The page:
UML has two diagrams that are used for behavior specification: the activity diagram and the state diagram. These two diagrams (more one than the other, depending on the nature of the subsystem being modeled), plus the class diagram (for modeling the structural aspects of the object model) provide the framework that supports the design of complex applications in a way that is fully complete (and thus allowing 100% code generation) while still implementation independent (see earlier post on platform independence). All the other diagrams (use case, sequence, collaboration) are interesting for gathering requirements, but are useless in modeling a solution that can be automatically transformed into a running application, and thus we will ignore them here.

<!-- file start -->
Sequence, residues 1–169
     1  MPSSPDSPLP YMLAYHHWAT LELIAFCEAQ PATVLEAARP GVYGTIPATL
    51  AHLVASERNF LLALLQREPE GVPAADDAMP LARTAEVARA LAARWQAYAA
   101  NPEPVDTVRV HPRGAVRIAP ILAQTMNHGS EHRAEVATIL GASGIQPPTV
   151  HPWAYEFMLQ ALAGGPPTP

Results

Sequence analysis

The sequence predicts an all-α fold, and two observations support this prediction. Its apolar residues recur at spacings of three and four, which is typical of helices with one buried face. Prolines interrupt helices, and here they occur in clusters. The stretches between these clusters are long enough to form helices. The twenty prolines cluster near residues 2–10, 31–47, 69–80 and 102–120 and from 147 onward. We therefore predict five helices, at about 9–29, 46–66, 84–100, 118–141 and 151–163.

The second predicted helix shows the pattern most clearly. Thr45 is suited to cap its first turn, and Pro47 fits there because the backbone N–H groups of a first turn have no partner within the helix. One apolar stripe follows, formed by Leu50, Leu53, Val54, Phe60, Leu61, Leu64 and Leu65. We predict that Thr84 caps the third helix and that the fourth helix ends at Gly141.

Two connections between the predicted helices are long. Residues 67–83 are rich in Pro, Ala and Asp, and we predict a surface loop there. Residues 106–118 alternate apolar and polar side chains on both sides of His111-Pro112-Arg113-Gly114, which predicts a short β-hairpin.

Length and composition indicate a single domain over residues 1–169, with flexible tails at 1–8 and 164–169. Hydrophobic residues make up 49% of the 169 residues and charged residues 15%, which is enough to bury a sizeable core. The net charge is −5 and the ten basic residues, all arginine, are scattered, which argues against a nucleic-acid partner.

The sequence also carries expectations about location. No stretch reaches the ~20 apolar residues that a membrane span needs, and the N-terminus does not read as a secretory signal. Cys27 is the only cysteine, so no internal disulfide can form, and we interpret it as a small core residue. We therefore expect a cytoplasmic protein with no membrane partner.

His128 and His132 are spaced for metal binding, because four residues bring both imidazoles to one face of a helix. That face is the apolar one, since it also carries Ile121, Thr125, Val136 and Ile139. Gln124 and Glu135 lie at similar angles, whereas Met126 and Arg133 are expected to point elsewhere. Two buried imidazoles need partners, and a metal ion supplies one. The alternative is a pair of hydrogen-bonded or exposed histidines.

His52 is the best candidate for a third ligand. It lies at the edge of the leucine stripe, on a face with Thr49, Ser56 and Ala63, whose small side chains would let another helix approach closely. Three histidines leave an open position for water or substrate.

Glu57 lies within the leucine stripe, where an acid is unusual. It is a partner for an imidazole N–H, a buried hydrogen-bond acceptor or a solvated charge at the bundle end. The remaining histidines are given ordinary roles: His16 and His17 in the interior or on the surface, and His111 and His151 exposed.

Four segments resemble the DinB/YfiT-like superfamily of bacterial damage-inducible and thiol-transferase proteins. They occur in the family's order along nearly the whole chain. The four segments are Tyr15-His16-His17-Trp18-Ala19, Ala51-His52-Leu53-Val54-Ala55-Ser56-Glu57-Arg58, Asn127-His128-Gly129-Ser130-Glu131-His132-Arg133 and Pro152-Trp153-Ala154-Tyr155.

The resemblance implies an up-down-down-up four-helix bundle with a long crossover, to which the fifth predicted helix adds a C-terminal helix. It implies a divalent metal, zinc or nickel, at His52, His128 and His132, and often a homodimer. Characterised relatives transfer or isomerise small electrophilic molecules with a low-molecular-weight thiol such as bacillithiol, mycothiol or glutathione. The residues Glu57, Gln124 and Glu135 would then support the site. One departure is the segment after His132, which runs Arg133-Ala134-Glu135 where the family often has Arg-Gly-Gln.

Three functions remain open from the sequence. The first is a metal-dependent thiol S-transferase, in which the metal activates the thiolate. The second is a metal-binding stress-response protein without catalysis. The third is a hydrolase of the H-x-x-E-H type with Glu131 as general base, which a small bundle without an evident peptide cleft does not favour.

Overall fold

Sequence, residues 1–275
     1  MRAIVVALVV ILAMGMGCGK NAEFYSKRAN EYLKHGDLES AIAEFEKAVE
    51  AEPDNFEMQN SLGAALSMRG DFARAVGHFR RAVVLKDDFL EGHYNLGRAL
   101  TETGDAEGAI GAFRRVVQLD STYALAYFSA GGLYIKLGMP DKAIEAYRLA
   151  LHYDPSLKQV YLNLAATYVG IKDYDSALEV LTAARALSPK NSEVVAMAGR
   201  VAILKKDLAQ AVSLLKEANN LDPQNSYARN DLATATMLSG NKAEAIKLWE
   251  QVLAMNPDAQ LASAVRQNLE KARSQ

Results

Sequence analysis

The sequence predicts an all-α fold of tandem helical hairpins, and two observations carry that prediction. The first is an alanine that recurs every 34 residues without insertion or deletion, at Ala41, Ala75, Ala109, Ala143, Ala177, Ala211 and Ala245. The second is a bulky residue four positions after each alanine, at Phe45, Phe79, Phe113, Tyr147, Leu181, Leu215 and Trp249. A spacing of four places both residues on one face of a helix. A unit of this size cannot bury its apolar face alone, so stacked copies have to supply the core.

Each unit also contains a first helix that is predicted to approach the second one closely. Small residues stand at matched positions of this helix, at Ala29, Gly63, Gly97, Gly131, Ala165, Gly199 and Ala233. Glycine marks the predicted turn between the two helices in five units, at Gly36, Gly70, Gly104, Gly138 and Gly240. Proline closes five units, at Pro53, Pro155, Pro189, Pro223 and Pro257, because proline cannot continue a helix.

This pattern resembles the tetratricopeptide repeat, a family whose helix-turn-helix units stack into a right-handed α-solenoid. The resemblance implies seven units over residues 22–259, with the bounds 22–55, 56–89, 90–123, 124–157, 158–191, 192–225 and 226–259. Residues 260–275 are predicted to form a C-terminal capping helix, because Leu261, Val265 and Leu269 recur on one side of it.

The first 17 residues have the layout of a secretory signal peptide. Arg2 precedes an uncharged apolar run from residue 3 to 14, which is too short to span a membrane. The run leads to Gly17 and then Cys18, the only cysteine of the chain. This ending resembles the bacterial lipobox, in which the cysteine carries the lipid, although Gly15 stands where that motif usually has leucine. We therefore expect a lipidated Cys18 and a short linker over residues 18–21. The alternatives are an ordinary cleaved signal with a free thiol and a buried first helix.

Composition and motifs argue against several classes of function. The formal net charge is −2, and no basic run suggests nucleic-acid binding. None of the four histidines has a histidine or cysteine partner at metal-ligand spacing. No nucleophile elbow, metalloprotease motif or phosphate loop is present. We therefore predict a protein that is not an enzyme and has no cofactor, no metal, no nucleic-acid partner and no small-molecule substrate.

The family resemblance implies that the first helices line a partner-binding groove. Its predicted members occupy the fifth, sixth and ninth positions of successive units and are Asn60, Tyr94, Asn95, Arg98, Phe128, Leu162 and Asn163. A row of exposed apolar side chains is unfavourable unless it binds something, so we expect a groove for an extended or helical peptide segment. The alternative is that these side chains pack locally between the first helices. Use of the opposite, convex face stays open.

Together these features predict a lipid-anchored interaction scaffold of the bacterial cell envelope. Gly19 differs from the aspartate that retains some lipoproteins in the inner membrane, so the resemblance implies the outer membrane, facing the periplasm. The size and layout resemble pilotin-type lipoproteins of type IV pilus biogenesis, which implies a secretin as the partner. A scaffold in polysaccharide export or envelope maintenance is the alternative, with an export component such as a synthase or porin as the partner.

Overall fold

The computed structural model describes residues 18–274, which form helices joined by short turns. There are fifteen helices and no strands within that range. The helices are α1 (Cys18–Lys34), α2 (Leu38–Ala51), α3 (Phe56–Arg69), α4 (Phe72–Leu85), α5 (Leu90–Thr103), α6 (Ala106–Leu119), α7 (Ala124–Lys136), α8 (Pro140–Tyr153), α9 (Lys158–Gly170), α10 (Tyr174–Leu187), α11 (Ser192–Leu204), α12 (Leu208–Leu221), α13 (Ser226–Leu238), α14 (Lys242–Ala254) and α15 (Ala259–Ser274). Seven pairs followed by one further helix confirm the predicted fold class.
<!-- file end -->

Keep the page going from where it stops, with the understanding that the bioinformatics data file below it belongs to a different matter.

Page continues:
Specifying structure with the Class Diagram

The class diagram is the most well understood of all diagrams in UML. You can model all structural aspects of your object model in the form of classes, attributes, operations and relationships between classes. This specification of structural aspects can then be used for generating (boilerplate) code, database schema, configuration files and so on so forth. This is great already, as that is most of the work. But without including behavioral aspects, it is impossible to do full code generation solely from the class diagram, you are forced to fill the empty methods with handwritten code (unfortunately this is how most vendors expect you to do model-driven development). Still, the class diagram is a fundamental one in which it provides a base framework the other diagrams can build upon.